Firefox

Link: /firefox

One of the best software packages to come out in recent years is the Firefox browser. When IE 7 came out I did a comparison and Firefox did things that IE didn't and Firefox has progressed since then getting even farther out ahead. There are things that Firefox can't handle. Access to some of Microsoft's products or sites is limited for example. That's how Microsoft does business.

While Firefox continues to grow and offer features that users actually use much of IE use now may be institutional. The corporation runs Windows so they use IE. In many cases they have to.

Apparently Microsoft has abandoned the fight to be the best browser based on performance. (That's not to say they won't announce another earth-shattering upgrade in the near future.) Microsoft is now using their deep pockets to venture into many other areas tangent to computers such as communications search engines. Their interest isn't in providing excellent software; it's in creating a monopoly. Of course you might say that about most any national company whose name is well known.

Anyway back to the review. This isn't really a review though. There are probably several of those on the web. Firefox has matured and all the problems I had with it when it first came out have vanished. Their Bookmark manager is now an excellent feature that works like you want it to. Their history sidebar sorts visits by date and by site with other view options available. The Search Bar is another feature I use all the time. I've almost forgotten the days when you would have to pull up the search engine before you could do a search.

This is just a list of a few other things I use and really like.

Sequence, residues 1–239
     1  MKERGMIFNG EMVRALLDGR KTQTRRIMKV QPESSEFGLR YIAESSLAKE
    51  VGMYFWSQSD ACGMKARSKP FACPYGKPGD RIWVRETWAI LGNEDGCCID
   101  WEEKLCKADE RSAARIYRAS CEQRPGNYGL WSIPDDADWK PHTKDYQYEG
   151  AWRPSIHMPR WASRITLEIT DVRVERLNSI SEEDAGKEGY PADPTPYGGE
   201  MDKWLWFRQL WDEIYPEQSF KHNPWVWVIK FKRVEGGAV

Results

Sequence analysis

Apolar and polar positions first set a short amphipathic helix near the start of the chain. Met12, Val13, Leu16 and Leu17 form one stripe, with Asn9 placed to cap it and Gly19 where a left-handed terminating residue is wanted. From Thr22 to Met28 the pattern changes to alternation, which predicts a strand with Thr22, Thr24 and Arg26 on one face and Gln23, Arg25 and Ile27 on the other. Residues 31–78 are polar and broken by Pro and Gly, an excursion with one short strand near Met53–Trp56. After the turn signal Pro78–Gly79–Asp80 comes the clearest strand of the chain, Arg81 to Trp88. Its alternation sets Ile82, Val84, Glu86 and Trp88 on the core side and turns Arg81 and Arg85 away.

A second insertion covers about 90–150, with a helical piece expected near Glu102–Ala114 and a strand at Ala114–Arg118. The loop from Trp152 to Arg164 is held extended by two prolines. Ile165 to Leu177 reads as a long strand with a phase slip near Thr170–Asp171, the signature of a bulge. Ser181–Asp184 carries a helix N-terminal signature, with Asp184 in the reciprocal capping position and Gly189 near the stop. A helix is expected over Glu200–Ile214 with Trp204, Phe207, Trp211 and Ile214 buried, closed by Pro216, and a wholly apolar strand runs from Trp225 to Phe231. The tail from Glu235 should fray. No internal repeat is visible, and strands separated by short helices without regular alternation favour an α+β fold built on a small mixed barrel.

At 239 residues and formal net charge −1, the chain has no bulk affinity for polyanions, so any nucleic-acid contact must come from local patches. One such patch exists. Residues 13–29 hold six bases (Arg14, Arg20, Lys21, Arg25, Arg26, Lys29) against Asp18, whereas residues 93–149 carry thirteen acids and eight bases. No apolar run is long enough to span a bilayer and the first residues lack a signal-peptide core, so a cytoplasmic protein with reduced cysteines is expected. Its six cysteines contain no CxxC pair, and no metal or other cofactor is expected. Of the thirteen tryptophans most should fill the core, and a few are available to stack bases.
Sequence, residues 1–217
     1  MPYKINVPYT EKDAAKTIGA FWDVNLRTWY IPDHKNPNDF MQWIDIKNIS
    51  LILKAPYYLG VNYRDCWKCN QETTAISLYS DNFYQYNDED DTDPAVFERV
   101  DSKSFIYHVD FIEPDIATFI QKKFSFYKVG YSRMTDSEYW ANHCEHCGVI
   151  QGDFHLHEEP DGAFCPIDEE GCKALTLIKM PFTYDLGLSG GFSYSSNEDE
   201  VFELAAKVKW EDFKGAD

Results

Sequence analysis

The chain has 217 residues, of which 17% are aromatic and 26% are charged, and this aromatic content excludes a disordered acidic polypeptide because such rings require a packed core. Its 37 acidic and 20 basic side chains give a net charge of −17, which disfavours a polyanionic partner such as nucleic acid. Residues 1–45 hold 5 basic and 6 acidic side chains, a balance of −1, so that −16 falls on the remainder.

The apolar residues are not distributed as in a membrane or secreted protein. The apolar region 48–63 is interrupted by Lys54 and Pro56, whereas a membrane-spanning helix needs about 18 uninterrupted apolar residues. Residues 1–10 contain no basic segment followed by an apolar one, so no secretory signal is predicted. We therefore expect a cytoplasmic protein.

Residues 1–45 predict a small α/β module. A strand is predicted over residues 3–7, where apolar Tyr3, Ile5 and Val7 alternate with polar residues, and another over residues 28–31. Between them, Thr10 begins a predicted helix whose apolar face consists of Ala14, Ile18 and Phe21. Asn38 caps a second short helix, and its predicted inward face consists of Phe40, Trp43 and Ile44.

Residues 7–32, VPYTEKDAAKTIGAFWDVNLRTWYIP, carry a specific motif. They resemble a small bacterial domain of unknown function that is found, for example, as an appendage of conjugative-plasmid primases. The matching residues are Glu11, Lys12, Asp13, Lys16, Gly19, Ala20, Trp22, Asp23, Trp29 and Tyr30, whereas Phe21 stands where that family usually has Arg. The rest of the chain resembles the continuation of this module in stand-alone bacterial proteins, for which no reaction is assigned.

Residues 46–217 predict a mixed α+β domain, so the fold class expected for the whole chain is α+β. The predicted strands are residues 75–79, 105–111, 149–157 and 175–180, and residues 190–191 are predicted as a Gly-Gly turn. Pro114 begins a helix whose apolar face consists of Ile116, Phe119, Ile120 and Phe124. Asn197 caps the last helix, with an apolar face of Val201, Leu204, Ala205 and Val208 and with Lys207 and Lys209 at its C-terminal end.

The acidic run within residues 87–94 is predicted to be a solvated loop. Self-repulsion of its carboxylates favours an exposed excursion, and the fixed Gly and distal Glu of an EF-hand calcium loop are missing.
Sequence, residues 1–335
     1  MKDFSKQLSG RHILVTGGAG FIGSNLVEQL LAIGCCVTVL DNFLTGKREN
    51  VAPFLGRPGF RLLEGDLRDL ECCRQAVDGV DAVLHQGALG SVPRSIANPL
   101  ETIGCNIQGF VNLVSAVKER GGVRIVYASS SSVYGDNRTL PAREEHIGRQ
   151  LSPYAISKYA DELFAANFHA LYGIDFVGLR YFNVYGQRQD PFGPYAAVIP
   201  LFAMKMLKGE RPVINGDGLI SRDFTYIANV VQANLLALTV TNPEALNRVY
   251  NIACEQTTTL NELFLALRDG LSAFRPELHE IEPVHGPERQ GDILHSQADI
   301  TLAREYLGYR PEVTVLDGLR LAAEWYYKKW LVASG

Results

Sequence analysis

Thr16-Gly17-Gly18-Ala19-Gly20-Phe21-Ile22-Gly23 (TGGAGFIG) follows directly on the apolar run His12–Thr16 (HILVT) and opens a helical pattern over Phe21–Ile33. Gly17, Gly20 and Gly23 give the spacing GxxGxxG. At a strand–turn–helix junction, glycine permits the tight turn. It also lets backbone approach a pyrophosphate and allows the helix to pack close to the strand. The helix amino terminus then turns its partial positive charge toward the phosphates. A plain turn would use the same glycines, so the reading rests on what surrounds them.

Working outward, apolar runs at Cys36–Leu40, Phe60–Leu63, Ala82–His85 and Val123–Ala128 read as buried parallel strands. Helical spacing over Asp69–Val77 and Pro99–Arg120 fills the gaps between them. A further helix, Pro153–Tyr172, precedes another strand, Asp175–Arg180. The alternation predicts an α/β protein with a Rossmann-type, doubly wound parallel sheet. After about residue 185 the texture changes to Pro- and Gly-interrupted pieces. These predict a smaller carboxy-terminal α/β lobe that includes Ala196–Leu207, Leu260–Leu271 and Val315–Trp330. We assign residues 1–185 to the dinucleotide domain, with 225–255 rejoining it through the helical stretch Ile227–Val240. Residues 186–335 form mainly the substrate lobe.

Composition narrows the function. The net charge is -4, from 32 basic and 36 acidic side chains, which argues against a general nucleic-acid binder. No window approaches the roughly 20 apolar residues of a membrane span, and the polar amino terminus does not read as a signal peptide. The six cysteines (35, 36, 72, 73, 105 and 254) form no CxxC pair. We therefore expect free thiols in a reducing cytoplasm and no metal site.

Tabs Lately I do a lot of internet research and end up with several pages I want to review compare or work with. One of the greatest inventions to make this possible is tabs. Firefox introduced tabs several years ago and has excelled in applying tab features to browsing. You can bookmark all of the tabs in a window into one folder. You can rearrange tabs. You can drag a link to a tab or to an empty spot to open a new tab. You can drag a link in one page to a tab in another. When it comes to IE7 there are limitations to how you can use tabs. And if you aren't using XP or later you can't use IE7 anyway which is probably a good thing.

Add-ons One of the coolest things in Firefox is the ability to include add-ons. Even cooler is that the add-ons are usually free. Firefox has a site that lists many of these and those they recommend.

ScrapBook and Clipmarks One nice add-on that has features similar to tabbing is the ScrapBook. With this add-on you can save the actual pages you browse not just the links to them. With Clipmarks you can save just the portion of the page you want.

FireFTP This adds a utility to do drag and drop file transfers. With FTP sites that is.

For programmer types here are a few others.

Web Developer My latest add-on is Web Developer. I spotted it with an upgrade to 2.0.0.8. Web Developer adds a toolbar and a menu with options to view the different elements on the page like CSS Images Forms Outline. The menu is under Tools > Web Developer.

ColorZilla This is a button that enables a + browsing icon. With that you can preview the color specifications of any element on the page. The code is shown at the bottom of the window.

Then there's Firebug and DOM Inspector that each use expanding menus to view elements with the code.

If you're not using Firefox you should give it a test run. Yes there are some things that need IE but you could always run it when you need to. Although there is another Firefox add-on (IE tab) that may do what you need. ;Firefox

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